Pandemic influenza series (a bit dated, but still some good information in there, including an overview of 20th century pandemics).

Asymptomatic swine flu infections in farmers

Swine flu in Ohio fairgoers

Iowan has swine flu

New swine influenza virus detected

Masks and influenza

Masks and influenza part II

Swine flu: 20 US cases now identified [UPDATED–6 Canadian cases also confirmed]

According to new information from the CDC, in addition to the 2 cases in Texas, 7 in California, and 2 in Kansas, the 8 in New York have now been confirmed, and an additional case has also been confirmed in Ohio (I’ve not seen any info on that case)–UPDATED below. Investigations are apparently ongoing in at least 2 Canadian provinces, also (British Columbia and Nova Scotia). An investigation is also ongoing in New Zealand after teenagers took a trip to Mexico and have shown flu-like symptoms.

Concerning to say the least, but crof and revere both have some excellent posts to keep things in perspective. I’ve hated the screaming headlines at many of the MSM sites, and Crawford has a great post encouraging calm. revere, meanwhile, has a nice overview of influenza and world travel, and what we should be focusing on now that it seems the genie is already out of the bottle.

Again, this is a fast-developing story; some of this information will probably be out of date by a few hours after I post this, so stay tuned…

UPDATED: found some information on the Ohio case, from the Toledo Blade:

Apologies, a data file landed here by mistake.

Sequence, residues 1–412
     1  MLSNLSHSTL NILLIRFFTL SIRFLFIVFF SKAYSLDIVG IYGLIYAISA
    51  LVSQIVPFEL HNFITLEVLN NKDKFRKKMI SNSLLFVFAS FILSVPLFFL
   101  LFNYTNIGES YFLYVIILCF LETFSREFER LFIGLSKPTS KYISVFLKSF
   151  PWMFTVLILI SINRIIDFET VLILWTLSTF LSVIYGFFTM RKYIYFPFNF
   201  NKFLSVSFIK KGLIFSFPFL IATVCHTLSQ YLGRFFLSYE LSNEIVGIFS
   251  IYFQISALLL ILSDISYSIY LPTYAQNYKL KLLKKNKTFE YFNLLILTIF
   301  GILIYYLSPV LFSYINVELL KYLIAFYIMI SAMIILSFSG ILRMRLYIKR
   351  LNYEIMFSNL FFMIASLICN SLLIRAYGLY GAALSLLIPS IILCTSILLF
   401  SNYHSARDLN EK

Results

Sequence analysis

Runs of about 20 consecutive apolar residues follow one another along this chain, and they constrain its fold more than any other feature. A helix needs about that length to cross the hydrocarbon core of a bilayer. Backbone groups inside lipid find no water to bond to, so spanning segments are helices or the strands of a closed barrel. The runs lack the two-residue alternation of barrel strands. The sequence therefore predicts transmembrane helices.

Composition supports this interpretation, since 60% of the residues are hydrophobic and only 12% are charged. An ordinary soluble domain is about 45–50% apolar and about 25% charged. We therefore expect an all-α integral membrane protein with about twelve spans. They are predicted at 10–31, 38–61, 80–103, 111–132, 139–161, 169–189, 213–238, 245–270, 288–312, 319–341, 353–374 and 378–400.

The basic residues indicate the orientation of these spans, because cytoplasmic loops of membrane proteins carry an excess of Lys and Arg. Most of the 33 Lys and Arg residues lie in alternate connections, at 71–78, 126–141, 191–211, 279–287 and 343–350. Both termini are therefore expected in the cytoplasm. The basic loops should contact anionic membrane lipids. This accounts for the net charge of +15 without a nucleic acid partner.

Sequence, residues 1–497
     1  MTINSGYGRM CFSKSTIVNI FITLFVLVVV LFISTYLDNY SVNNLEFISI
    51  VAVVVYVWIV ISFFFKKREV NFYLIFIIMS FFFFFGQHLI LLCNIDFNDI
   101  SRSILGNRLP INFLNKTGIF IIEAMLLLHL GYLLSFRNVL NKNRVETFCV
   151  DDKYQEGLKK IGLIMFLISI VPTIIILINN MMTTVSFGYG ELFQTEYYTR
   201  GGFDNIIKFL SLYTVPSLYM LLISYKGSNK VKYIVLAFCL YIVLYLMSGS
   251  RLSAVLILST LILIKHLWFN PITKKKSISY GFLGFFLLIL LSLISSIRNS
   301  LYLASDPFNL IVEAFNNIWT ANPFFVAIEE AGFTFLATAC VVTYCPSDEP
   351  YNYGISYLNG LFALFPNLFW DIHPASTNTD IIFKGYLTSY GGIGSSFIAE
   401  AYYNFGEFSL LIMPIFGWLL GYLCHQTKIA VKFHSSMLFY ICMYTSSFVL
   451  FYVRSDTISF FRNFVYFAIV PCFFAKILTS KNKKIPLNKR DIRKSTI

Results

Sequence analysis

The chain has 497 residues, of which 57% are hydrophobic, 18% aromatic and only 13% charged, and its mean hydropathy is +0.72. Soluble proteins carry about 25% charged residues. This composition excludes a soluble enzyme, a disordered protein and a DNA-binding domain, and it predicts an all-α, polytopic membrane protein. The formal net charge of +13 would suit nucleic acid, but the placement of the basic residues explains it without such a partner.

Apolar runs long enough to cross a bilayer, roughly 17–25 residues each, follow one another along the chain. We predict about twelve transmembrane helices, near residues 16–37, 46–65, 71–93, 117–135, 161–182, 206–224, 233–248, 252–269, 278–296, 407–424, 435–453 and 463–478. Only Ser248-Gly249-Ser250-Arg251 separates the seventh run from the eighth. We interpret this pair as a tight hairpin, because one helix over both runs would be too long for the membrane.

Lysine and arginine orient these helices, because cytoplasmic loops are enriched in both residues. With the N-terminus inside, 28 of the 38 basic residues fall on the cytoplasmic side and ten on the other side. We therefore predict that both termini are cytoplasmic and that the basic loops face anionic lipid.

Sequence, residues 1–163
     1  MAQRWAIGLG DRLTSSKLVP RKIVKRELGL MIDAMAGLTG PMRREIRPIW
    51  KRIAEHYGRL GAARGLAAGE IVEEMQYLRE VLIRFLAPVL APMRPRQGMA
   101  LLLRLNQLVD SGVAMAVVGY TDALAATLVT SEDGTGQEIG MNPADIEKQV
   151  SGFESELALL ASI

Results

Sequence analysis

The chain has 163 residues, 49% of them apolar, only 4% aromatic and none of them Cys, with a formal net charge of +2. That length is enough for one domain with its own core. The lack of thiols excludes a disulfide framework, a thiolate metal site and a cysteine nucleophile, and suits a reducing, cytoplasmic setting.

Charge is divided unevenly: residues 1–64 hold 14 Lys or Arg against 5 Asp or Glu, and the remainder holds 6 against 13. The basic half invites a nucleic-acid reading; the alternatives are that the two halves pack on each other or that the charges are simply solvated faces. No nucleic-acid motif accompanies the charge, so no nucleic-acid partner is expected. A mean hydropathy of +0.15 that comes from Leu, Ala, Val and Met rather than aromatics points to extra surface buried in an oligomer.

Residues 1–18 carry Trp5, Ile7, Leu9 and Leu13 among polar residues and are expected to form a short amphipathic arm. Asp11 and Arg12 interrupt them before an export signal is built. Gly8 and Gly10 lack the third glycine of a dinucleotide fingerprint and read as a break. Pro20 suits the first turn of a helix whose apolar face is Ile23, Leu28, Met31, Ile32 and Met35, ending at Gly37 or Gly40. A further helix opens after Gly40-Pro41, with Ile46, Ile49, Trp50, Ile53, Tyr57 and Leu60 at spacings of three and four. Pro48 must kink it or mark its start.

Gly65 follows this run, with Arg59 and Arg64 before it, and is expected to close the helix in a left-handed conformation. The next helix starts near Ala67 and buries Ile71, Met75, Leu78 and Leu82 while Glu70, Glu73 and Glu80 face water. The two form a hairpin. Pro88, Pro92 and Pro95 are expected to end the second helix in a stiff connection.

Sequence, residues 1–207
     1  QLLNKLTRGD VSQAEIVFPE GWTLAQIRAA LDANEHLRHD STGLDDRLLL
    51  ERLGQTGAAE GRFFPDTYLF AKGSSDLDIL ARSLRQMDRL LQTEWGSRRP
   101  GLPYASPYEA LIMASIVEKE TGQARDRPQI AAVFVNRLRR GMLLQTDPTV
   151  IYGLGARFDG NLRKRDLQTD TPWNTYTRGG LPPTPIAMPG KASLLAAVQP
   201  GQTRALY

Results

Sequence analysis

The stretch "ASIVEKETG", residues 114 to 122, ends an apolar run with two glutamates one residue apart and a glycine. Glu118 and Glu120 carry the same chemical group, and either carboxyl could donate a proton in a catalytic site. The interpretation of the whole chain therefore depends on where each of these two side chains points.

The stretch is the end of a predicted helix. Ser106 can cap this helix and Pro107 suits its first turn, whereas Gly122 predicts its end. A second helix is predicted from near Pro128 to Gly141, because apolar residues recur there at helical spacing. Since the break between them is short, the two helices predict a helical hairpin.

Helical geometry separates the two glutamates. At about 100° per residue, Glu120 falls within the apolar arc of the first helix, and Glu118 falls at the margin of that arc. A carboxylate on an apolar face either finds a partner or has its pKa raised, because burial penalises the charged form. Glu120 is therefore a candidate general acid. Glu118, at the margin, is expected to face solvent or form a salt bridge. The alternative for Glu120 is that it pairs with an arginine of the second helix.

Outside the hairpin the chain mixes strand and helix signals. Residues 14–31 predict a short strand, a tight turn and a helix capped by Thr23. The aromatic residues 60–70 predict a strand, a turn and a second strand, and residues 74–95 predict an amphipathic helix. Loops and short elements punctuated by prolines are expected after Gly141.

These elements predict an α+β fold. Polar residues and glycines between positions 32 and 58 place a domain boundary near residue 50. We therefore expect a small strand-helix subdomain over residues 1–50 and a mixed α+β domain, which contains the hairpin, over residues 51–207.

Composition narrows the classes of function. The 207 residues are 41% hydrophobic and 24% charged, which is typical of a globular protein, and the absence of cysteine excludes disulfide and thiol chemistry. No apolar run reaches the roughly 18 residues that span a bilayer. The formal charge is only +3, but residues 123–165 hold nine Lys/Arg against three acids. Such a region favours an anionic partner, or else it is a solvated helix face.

The Ohio Department of Health says a 9-year-old boy who recently traveled to Mexico on vacation with his family has a confirmed case of swine flu.

Health department spokesman Robert Jennings said Sunday the boy is recovering at his home in Elyria, in northern Ohio’s Lorain County. The child’s name was not released.

Jennings says the Centers for Disease Control confirmed the case, but officials do not know if the child has the same deadly strain of swine flu that has killed up to 81 people in Mexico.

Jennings says the boy displayed typical symptoms of the flu, including a sore throat and body aches. Jennings says the child returned from Mexico within the past two weeks.

Jennings says the boy’s relatives are being tested for the disease, but they currently do not have any symptoms.

Nova Scotia cases have also been confirmed:

Nova Scotia’s chief public health officer says the east coast Canadian province has four confirmed cases of swine flu.

Chief Public Health officer Dr. Robert Strang says Sunday four students from King’s-Edgehill School in Nova Scotia ranging in age from 12 to 17 or 18 are recovering. All of them had what he describes as “very mild” cases of the flu.

2 cases in British Columbia also confirmed:

B.C.’s Centre for Disease Control on Sunday confirmed cases of swine flu involving two people from the province who recently returned from Mexico.

Swine flu: a quick overview–and new New York and Kansas cases

Sorry for the radio silence–I’ve been working on grants and manuscripts like a fiend, and so have tried to limit as many distractions as possible (which, unfortunately, includes blogging). However, the swine flu news is right up my alley, so I do just want to say a few words about it, and point you to some excellent stories already up elsewhere.

First, in case you’ve not been paying attention to the news in the last few days, there have been 8 reported cases of swine influenza infections in humans (6 in California and 2 in Texas, with additional suspected cases) and reports from Mexico suggesting as many as 1000 ill and 68 dead from influenza in the past month or so. Of the Mexican cases, a dozen thus far have been confirmed to be the same strain as the US swine flu strain from California/Texas.

What does all this mean? Much more after the jump.
Continue reading “Swine flu: a quick overview–and new New York and Kansas cases”